Mustang Mania

The staying power of the P-51 proves that a thing of beauty is a joy forever, if you can keep getting parts.

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One aircraft at the gathering that really is who it says it is--Scat VII--has worn a few disguises in its time. Its serial number identifies it as the last Mustang flown by World War II ace Robin Olds. Before Jim and Carol Shuttleworth bought it in 1992, it had been modified considerably by John Dilley of Fort Wayne Air Services. Dilley had put LearJet wings on the aircraft, cut down the canopy, and turned the airplane into a racer, Vendetta, which eventually crashed. Dilley managed to get the original wings back and sold the bundle to the Shuttleworths, who had the aircraft rebuilt into a TF-51.

But if the real airplanes couldn't make it to Kissimmee, some of the real pilots could. The Gathering of Mustangs and Legends was a field day for autograph hunters. Besides Yeager and Bob Hoover, the group of Legends included World War II aces Bud Anderson (who signed copies of his 1990 book To Fly and Fight), Ken Dahlberg, Robert Goebel, Richard "Pete" Peterson, and the illustrious Robin Olds; highest scoring Tuskegee airman Lee Archer; the Patillo twinsBill and Buck, who had outstanding war careers and flew aerobatics in one of the Air Force's first precision demonstration teams and the Thunderbirds; and Apollo astronauts Bill Anders and Frank Borman, both Mustang owners. That evening, at a black-tie dinner hosted by Kermit Weeks at his Fantasy of Flight "attraction" ("We don't like the word museum,' " he warned), each of these pilots received a leather jacket, painted with the nose art of his airplane, and a round of applause. At the end of the presentations, the group, at the instigation of Olds, sang a chorus of "Good Night, Irene," complete with two-part harmony--12 old airmen singing what they might have sung as 20-year-olds when their sweethearts wondered if they'd ever see them again. It was a touching moment. But fighter pilots will be fighter pilots. The next musical number Olds led can't be printed in a family magazine.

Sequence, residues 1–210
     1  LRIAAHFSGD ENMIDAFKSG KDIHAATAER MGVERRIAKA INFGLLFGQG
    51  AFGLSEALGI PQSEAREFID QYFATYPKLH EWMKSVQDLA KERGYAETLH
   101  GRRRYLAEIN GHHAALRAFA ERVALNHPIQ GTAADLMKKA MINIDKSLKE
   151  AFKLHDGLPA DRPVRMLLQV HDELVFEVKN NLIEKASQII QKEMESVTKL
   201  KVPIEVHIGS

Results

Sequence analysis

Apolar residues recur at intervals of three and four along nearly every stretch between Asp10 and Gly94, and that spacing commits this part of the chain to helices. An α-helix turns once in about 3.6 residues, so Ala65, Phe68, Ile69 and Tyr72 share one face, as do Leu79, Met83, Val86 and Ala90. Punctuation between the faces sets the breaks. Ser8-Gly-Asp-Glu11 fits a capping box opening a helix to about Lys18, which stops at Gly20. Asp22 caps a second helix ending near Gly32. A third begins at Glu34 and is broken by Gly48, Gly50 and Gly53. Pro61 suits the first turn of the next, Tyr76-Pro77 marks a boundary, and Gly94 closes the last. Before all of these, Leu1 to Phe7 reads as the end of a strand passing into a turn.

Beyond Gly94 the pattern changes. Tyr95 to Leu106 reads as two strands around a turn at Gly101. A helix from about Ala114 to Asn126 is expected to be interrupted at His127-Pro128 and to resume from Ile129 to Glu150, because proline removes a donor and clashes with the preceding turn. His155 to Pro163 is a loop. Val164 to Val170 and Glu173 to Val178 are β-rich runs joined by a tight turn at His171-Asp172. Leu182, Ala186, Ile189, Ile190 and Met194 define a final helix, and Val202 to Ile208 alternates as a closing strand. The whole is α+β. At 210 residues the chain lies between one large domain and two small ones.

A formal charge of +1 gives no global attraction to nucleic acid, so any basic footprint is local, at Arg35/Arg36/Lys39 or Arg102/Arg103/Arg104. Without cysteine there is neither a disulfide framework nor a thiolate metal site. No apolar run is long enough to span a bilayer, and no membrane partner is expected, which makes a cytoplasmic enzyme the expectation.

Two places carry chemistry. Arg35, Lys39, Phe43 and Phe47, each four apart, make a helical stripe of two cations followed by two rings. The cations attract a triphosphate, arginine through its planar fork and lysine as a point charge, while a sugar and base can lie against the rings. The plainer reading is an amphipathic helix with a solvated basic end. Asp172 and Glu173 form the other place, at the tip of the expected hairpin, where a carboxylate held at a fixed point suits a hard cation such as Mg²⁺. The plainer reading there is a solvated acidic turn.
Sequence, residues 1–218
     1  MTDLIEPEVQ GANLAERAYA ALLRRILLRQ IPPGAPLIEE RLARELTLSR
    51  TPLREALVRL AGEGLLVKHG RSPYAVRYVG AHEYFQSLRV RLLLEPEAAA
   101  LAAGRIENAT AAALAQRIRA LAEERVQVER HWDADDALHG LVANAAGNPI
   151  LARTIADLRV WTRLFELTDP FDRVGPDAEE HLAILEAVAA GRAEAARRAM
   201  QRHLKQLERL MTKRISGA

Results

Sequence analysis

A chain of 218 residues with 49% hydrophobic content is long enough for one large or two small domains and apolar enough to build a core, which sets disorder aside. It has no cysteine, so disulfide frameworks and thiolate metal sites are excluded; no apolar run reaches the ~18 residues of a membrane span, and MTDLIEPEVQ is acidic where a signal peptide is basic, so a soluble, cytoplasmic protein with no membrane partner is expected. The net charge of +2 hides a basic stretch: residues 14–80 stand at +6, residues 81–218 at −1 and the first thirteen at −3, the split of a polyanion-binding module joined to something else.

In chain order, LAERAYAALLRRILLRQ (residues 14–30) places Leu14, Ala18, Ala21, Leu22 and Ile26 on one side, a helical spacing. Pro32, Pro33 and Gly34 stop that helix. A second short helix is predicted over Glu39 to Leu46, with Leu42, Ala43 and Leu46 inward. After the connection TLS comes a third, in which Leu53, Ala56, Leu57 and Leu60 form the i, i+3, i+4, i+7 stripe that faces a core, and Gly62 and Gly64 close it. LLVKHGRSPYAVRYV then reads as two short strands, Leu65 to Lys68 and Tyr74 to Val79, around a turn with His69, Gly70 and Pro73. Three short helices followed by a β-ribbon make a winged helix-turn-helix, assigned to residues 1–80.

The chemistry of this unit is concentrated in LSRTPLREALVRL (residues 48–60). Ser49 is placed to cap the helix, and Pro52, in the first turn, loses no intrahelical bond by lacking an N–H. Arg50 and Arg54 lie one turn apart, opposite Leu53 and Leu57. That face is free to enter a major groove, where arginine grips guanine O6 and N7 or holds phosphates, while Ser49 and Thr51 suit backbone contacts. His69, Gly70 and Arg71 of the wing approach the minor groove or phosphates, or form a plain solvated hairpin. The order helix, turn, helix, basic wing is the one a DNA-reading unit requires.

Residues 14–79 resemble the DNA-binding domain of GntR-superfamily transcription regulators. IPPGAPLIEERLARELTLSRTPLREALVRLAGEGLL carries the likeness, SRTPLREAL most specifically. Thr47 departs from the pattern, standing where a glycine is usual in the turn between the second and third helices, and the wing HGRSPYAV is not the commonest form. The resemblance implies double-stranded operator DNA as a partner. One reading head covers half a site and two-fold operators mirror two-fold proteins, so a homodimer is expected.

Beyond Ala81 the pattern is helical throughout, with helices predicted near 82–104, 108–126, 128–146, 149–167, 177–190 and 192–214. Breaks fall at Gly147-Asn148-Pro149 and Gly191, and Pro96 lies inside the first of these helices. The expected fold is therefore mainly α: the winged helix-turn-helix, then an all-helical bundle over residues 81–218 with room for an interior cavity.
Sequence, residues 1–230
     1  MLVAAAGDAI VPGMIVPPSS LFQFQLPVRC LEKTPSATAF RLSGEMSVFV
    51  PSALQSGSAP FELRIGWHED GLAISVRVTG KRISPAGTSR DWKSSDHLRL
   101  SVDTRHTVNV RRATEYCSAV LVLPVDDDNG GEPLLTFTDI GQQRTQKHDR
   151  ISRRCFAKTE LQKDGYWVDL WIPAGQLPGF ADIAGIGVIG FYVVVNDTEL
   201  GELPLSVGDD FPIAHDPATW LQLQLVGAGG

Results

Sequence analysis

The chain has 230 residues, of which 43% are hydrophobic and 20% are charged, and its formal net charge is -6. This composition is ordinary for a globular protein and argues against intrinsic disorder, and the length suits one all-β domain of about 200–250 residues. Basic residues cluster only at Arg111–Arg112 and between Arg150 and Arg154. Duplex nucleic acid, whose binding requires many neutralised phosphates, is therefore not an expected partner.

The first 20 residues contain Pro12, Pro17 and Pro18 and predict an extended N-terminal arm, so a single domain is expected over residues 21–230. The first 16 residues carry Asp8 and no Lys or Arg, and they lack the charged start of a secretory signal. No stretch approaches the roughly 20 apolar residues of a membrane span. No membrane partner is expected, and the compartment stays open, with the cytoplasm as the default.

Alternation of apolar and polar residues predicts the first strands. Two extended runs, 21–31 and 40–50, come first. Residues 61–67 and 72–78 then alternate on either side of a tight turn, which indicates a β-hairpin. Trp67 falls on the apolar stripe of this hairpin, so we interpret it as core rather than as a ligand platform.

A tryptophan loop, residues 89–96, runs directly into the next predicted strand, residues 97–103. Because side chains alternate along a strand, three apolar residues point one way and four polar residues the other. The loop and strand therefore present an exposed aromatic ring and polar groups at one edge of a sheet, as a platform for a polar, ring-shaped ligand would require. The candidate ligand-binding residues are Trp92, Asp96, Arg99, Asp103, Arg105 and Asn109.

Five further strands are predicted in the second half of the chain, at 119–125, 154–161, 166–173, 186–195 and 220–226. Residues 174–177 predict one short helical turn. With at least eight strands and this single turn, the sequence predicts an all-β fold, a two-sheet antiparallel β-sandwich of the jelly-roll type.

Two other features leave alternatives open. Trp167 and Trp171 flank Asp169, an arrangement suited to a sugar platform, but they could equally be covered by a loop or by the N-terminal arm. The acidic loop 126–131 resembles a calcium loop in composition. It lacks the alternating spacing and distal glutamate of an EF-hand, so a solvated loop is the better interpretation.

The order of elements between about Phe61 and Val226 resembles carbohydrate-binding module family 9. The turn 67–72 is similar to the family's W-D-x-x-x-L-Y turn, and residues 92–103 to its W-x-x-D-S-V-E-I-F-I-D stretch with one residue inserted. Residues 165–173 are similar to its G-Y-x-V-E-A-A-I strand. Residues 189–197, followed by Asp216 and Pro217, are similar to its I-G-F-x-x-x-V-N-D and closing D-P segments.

So how does a mere mortal go about getting a P-51? "Well, you have to have a lot of money," says Butch Schroeder. A fully restored TF-51 recently changed hands for $1.2 million. Then a good place to start is to get to know Paul Coggan, editor of Warbirds Worldwide, the bible among collectors, who not only knows everything about the airplane but also who owns what, who wants to buy, and who wants to sell. Coggan found the P-51 that eventually became Anders Saether's (also restored as Old Crow--"Mine was first," Saether says). It had been owned by someone who was caught "importing pharmaceuticals," says Coggan.

"There are a queue of people waiting to buy," says Coggan. 'three or four people at this event. We get letters every month looking for a P-51." The last bulk sale of the warbird was in 1984, when the Dominican Republic retired its fleet of nine. Brian O'Farrell of south Florida snapped those up, along with an enormous supply of parts. Coggan, who was there when O'Farrell took delivery, says that many of the parts were still packed in original North American Aviation crates.

Norm Lewis, also of Louisville and one of the first graduates of Stallion 51 training, was lucky enough to find one of the 200 P-51Ds built under license in Australia near the war's end, designated C17s and C18s. Production was more leisurely in Australia, says Lewis, and the workmanship is exceptional.

Every now and then a crashed P-51 turns up. Coggan thinks there are probably some in Russia and some in Indonesia. Mike VadeBonCoeur is working on one that was pulled from a lake in Uruguay. "It was pretty much Swiss cheese," he says. Practically the only thing that will be original in the restoration is the manufacturer's data plate. "that's enough," says Saether. "then you have the airplane's soul."

If you have the money and find the airplane, there are four or five businesses in the United States rebuilding or restoring airframes and a like number overhauling Merlin engines. The majority of Mustang restorations today copy a modification ordered by the Army Air Forces near the end of World War II. So many pilots were killed in the P-51 during training that the Army finally decided to order a dual-control, dual-cockpit trainer. North American built 10 and a further 15 single-seaters were modified by Temco, an aircraft conversion operation in Dallas, Texas.

By Sunday afternoon, the Mustangs were gone. Some headed to Lakeland for the Sun 'n Fun fly-in; the rest went home to Indiana, California, Kentucky, New York. Tim Shea had never seen the airport look quite so empty.

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